Dear Pet Parent,
Thank you for trusting us to care for your family member today. We strive to provide compassionate care and excellent customer service. Our intent of this letter is to communicate with you that our hospital has been experiencing much higher volumes of phone calls and patient visits than is typical. This has resulted in significantly longer wait times. We apologize to you for this inconvenience. We wanted to answer some frequently asked questions surrounding the wait time.
Why can’t we come into the hospital to wait with our pet?
We have a very small lobby and only 4 examination rooms. We are not able to adhere to CDC guidelines for safe social distancing in light of the COVID-19 pandemic with owners in the hospital. In addition, our lobby and exam rooms have been transitioned to patient kennel space to accommodate the increase in patients arriving for care.
Will my pet have to wait in line for care even if they are critical?
No. All patients are assessed by a triage nurse for vital signs and have an exam by the doctor upon arrival. Patients determined to be in unstable condition are moved to the front of the line. Life saving care will be initiated right away as indicated. Stabilization of arriving critical patients does extend the wait time of the patients that have less serious problems.
If my pet is stable and does have an extended wait, where do they wait?
Dogs are safely housed in a stainless-steel run or kennel. They are provided food (if appropriate), water, a cot, and walks outside. Cats are separated from the dogs in a cat designated room. We provide them with food (if appropriate), water, and a litter box. Upon owner request, stable pets can wait with their owner.
Why are so many pets arriving for emergency care?
With the pandemic, a few things have happened within the veterinary profession. First, Governor Whitmer placed restrictions on veterinary practices for the first 2 months of the COVID-19 pandemic. During this time, veterinary practices were only authorized to provide “essential care.” Many veterinary hospitals reduced staffing and split their staff into teams. Most additionally moved to a curb-side care model. These changes have reduced efficiency and the number of open appointments. Now that veterinary practices can provide preventive care again (vaccines, heartworm tests, dentistry), most are booked out for several weeks to make up for the months of canceled appointments. As a result, many of the urgently sick pets have been referred to our ER. Second, the only other veterinary emergency service in Grand Rapids has reduced their hours suddenly (now only open on weekends with limited capacity). This has resulted in an even larger influx of patients into our ER. This problem is affecting veterinary medicine state-wide. Even the MSU College of Veterinary Medicine Small Animal ER announced reduction of their hours to only being open nights and weekends. Our team is committed to staying open to serve our community. Unfortunately, this commitment has resulted in extended times, but we promise to never turn your family member away.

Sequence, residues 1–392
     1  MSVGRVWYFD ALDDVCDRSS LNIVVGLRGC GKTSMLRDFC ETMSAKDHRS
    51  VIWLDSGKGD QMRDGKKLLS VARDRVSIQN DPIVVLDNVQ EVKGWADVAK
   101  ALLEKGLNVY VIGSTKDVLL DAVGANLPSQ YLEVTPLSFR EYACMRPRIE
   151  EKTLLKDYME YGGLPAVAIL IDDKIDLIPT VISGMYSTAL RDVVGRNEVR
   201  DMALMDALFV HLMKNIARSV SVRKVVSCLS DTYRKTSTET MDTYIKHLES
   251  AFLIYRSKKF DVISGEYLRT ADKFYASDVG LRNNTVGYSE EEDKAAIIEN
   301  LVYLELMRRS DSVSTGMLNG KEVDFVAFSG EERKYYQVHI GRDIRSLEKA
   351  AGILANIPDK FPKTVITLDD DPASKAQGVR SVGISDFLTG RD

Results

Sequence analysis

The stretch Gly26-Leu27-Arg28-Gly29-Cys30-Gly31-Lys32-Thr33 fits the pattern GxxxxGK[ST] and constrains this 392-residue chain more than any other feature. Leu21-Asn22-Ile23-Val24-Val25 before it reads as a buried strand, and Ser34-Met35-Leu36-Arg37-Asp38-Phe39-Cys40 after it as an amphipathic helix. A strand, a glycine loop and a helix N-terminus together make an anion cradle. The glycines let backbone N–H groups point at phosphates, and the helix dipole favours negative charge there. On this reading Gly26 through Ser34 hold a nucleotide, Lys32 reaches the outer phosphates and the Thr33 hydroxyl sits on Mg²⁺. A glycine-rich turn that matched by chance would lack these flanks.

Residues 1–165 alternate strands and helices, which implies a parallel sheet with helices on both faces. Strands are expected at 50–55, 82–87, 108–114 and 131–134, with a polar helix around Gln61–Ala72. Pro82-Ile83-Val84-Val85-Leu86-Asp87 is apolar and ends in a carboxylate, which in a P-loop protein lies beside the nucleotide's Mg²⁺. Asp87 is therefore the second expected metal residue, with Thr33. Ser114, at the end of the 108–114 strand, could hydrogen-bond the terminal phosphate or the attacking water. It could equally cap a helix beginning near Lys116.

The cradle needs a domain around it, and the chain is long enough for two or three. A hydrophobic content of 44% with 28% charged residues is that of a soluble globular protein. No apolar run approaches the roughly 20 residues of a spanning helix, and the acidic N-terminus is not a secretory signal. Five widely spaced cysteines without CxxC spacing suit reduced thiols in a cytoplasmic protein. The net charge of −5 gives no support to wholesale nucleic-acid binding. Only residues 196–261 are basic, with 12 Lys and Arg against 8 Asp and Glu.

What steps have you taken to provide care for my pet more promptly?
We have added two doctors to our team, which has resulted in an additional 12 hours of doctor capacity per day. We have also nearly doubled our staffing since the start of this pandemic. We have also doubled the number of phone lines we have available. We have adjusted our operational protocol monthly to maximize our efficiency and improve our patient care.
Please know that we care very much. Your patience during this time is very appreciated.
Dr. Marilyn Brink, DVM & Claire Allen
Medical Director Hospital Manager